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By David K. Li
Amazon announced Thursday that it is backing out of plans to open a new headquarters in New York City, blaming local politicians who “had opposed our presence and will not work with us.”
The retail giant announced in December it would build a campus in the Long Island City neighborhood of Queens for 25,000 employees, fueled by $3 billion in state and city incentives to Amazon.
“After much thought and deliberation, we’ve decided not to move forward with our plans to build a headquarters for Amazon in Long Island City, Queens,” the company statement said. “For Amazon, the commitment to build a new headquarters requires positive, collaborative relationships with state and local elected officials who will be supportive over the long-term.”
The company put the blame for its decision squarely on the shoulders of local politicians who have objected to the development and been critical of city and state leaders who offered Amazon huge tax subsidies. Many local activists have said the project will worsen congestion in the area and lead to gentrification and higher housing prices.
“While polls show that 70 percent of New Yorkers support our plans and investment, a number of state and local politicians have made it clear that they oppose our presence and will not work with us to build the type of relationships that are required to go forward with the project we and many others envisioned in Long Island City,” the statement said.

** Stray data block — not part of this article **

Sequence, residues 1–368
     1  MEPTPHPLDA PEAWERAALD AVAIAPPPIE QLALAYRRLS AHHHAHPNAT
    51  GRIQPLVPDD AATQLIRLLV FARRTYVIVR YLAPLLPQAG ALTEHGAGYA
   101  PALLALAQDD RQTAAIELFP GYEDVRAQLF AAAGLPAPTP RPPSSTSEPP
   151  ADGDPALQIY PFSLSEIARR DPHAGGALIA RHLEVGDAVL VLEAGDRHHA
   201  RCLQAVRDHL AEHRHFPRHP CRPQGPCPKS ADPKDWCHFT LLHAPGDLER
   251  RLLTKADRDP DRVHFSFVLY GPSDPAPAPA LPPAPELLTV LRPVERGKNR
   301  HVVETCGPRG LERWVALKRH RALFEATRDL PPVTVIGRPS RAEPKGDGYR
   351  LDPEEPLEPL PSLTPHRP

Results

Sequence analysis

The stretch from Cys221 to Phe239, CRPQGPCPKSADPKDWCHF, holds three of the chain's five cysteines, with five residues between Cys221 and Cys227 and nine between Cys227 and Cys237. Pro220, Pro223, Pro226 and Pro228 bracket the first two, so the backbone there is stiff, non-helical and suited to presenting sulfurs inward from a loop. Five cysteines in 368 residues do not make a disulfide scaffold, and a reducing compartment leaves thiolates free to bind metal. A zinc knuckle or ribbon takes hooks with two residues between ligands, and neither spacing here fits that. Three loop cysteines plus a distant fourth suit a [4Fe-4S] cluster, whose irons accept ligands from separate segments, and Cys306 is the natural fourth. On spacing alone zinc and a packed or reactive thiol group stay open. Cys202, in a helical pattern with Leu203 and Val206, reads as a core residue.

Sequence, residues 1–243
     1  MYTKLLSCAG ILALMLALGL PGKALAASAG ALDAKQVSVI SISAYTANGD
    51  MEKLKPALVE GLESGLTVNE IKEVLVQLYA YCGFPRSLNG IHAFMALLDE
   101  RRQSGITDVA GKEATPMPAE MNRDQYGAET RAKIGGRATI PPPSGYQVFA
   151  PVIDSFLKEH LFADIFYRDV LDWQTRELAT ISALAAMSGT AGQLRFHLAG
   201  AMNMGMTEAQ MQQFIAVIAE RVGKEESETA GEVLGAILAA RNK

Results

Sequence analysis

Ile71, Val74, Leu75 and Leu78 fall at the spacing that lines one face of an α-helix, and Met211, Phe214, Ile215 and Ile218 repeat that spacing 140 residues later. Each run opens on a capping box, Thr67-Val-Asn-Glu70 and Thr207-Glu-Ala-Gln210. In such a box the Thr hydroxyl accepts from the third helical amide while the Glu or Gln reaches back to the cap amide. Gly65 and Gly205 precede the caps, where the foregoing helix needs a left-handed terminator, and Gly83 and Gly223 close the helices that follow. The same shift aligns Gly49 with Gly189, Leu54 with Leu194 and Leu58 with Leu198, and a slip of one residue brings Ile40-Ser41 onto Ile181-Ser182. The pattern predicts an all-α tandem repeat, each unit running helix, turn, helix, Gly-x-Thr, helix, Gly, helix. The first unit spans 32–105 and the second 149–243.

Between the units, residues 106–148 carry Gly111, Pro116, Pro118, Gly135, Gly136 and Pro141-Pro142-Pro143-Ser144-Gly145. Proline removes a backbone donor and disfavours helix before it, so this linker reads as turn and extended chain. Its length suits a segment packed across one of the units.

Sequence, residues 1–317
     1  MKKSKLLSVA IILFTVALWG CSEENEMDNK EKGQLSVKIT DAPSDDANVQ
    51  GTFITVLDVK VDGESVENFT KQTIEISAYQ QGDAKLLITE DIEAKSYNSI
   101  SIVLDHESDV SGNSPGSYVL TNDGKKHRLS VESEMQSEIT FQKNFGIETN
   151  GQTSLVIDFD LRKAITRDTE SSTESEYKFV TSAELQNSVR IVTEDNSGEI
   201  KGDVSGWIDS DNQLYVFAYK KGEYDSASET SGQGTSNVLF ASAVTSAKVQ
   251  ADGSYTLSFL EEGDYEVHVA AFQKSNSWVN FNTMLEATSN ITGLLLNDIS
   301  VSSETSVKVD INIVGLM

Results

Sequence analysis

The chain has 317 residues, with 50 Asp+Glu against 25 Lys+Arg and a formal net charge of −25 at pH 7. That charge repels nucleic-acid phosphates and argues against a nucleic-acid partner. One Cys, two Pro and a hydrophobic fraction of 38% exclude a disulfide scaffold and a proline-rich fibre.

“We are disappointed to have reached this conclusion — we love New York, its incomparable dynamism, people, and culture — and particularly the community of Long Island City, where we have gotten to know so many optimistic, forward-leaning community leaders, small business owners, and residents.”
In announcing that it was coming to Queens last year, Amazon also said it was was building hubs in Northern Virginia and Nashville, and now it will apparently focus its growth there. Amazon said it has no plans to replace the now-defunct New York project.
“We do not intend to reopen the HQ2 search at this time. We will proceed as planned in Northern Virginia and Nashville, and we will continue to hire and grow across our 17 corporate offices and tech hubs in the U.S. and Canada,” according to the statement.
Earlier this week, Sienna College released findings of a poll that showed New Yorkers approved of the Amazon deal by a margin of 56 percent to 36 percent.
Cynthia Nixon, who ran unsuccessfully against New York Gov. Andrew Cuomo in last year’s Democratic primary, hailed Amazon’s stunning reversal.
“Amen,” the actress-turned-politician tweeted. “The fight against Amazon laid bare their union-busting, corporate welfare, ICE-abetting practices and shows why we need to break up monopolies like Amazon.”
This is a developing story. Check back for updates.